(I also created an insanely detailed spreadsheet measuring resting heart rate, heart rate variability, respiratory rate, my HR and efficiency metrics across all workouts, and I even bought a blood pressure monitor just to put my mind at ease, but that’s a story for another day)
My first proper Parkrun of 2022 (excluding a painfully hungover Parkrun on New Year’s Day) was at the somewhat hilly Brockwell Park in South London, and I managed to run an 18:37 after a 7km warmup. 18:30 had been my 5k PB until last Summer, so it felt good to be cruising at that speed on a lumpy course.
Last weekend, I raced the London Winter Run, a 10k through the streets of central London.
In the same vein as my FTP test, I spent the nights before the race repeating “I am going to run a 37:30 10k” aloud to myself every night before I went to bed.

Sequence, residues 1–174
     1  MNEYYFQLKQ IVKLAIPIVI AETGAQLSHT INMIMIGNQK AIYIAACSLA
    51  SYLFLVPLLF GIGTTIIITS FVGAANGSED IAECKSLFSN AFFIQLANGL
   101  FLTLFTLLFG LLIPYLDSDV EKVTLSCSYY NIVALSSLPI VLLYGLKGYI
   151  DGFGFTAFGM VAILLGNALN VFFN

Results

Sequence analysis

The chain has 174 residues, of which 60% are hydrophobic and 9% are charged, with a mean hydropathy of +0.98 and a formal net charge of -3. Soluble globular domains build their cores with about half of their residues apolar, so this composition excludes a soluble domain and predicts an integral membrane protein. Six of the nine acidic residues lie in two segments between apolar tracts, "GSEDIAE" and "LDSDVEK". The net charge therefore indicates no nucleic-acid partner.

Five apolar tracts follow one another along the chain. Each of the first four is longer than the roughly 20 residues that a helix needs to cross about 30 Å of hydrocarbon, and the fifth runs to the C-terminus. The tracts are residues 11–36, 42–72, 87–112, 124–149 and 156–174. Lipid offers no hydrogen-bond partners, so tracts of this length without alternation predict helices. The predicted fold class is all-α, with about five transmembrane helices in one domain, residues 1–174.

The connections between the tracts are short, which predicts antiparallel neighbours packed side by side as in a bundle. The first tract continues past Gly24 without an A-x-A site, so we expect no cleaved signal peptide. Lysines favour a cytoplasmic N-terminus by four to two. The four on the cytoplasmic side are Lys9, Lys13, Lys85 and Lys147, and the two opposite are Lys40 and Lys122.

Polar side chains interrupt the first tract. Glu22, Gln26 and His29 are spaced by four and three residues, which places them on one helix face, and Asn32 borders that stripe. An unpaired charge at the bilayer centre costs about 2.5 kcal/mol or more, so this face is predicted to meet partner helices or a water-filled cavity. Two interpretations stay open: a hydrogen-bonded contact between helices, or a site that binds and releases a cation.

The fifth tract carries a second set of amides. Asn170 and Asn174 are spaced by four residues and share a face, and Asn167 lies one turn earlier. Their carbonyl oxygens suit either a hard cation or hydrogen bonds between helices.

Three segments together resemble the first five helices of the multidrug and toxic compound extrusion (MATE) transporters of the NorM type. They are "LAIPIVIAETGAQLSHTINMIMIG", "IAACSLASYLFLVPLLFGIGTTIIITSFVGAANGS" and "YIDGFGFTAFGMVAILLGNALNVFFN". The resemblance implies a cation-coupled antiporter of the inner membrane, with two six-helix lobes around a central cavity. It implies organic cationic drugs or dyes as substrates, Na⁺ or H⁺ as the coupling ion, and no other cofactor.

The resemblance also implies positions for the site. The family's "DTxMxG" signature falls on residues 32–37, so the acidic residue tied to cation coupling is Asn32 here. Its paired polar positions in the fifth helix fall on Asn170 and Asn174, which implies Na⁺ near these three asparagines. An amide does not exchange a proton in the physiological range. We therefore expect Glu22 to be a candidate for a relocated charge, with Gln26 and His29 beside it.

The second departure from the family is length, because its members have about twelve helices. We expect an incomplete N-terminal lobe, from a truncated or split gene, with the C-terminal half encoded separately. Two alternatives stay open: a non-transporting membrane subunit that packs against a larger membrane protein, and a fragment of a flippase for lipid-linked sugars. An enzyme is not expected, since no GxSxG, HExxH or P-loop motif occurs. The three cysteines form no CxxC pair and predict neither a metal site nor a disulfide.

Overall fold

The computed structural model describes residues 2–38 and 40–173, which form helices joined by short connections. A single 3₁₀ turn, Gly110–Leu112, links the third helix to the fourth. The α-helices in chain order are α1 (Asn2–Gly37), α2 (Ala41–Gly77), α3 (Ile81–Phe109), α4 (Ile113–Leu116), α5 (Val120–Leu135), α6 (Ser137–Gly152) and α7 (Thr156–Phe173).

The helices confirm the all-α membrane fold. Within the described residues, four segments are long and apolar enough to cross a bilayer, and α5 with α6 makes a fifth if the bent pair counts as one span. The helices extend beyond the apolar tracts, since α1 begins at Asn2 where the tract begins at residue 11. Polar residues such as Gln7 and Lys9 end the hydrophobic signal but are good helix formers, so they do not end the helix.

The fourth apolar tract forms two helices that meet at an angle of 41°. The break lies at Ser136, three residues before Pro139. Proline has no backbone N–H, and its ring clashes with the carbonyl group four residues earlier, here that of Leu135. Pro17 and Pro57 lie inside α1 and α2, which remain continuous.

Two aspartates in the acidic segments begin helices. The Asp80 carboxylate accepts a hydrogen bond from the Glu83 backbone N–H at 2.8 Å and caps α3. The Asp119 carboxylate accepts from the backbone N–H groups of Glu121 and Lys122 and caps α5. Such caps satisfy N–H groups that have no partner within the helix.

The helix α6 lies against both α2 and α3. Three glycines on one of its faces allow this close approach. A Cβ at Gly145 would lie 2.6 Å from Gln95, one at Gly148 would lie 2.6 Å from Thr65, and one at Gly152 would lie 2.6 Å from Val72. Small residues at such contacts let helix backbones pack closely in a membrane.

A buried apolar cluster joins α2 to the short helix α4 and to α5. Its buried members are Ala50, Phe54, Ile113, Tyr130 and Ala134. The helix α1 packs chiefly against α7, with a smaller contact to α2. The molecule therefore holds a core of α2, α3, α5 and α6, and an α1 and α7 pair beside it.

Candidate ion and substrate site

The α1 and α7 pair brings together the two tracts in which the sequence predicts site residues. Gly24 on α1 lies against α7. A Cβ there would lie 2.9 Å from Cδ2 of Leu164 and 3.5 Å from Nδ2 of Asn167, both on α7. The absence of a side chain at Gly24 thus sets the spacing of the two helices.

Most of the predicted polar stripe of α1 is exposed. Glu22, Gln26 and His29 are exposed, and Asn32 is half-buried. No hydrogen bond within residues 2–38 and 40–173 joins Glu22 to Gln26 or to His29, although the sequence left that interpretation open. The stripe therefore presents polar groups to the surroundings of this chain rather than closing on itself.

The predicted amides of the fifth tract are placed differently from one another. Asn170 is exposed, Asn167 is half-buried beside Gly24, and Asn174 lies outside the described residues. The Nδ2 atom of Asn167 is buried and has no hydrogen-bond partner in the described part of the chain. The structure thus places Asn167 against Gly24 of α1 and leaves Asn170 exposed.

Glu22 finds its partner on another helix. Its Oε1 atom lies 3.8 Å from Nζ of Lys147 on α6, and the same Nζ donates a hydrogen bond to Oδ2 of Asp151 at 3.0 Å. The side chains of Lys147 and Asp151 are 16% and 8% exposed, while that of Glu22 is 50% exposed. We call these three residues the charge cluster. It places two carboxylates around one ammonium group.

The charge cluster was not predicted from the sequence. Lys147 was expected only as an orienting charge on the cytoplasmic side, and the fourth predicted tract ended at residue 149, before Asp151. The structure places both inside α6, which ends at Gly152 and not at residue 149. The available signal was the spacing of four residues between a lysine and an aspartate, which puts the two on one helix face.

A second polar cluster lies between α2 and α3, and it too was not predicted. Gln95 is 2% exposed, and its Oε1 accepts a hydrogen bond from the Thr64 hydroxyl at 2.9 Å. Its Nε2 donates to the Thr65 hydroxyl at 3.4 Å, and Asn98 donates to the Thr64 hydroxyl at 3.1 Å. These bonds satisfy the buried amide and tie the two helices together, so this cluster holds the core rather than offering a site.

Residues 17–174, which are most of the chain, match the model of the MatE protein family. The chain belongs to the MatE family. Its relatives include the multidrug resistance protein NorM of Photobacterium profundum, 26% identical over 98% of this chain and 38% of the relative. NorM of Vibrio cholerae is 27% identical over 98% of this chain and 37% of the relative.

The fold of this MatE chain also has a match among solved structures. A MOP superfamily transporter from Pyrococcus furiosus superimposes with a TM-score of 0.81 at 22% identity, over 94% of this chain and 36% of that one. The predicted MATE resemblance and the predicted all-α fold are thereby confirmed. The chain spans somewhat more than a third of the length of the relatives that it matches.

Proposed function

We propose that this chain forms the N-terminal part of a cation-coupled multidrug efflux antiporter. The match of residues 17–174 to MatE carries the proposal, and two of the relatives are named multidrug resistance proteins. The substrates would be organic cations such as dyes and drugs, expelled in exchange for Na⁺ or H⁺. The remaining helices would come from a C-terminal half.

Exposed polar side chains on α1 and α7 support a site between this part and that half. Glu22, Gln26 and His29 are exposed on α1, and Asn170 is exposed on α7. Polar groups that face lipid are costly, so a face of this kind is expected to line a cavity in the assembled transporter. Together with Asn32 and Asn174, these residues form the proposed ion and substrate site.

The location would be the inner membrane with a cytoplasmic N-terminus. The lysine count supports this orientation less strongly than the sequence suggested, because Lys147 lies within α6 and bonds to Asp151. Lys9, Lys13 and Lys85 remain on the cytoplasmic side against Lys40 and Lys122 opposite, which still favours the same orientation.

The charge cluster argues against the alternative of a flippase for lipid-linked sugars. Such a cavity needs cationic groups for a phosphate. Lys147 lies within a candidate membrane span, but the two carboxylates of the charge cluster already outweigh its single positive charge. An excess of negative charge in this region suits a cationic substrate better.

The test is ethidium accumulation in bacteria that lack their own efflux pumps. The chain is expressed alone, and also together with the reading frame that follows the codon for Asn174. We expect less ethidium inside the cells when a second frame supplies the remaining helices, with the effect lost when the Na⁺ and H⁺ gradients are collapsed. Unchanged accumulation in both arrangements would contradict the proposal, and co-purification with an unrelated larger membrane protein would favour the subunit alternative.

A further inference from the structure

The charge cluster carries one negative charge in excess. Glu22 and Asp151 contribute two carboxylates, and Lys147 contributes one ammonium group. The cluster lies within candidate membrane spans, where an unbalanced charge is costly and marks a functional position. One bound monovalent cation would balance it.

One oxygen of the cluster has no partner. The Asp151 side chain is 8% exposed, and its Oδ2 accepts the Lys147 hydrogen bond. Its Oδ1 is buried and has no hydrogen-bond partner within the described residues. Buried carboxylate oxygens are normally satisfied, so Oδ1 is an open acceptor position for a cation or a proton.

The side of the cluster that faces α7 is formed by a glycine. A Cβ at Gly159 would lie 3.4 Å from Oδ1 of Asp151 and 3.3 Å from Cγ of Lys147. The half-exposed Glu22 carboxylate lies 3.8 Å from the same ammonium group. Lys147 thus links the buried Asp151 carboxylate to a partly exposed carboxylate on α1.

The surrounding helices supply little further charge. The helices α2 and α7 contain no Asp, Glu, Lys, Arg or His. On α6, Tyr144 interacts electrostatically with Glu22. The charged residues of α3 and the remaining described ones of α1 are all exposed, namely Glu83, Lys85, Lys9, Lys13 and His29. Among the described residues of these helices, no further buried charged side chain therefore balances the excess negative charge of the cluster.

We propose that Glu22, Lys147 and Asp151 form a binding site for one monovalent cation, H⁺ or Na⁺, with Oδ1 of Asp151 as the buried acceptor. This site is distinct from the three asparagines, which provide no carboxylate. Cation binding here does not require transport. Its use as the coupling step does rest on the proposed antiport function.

Race day was chilly and a bit windy, and I was slightly nervous about getting a PB with a lower weekly mileage than usual, but everything went to plan and I bagged a cheeky 37:17!
The course was pretty twisty with a handful of 180º turns that involved almost stopping, and I reckon my effort level was an 8.5 out of 10, so I’m confident in going sub-37 soon.
I could be completely wrong, but I think the step up in performance is coming from increased strength training, and the strength/core benefits of more regular swimming. Perhaps my legs are also slightly fresher as a result of lower mileage.
Sadly, I’m not at the level of Norwegian Olympic triathletes where I’ll ever have a lab of scientists analysing my every movement to ascertain where performance gains are coming from, but for now, that’s my theory.
I’m racing Cambridge Half Marathon next weekend, where I’m hoping to take a minute or so off my PB of 83:45, and then it’s Paris Marathon in April.
No specific goals for Paris yet… Let’s see how Cambridge goes 🤞